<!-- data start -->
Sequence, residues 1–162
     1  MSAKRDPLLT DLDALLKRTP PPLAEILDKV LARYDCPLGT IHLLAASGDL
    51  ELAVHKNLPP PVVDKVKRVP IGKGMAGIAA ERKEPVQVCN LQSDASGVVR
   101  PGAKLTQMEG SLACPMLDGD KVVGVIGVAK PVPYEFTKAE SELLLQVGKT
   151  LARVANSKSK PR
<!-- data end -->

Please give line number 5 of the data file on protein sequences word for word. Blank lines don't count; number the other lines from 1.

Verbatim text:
   151  LARVANSKSK PR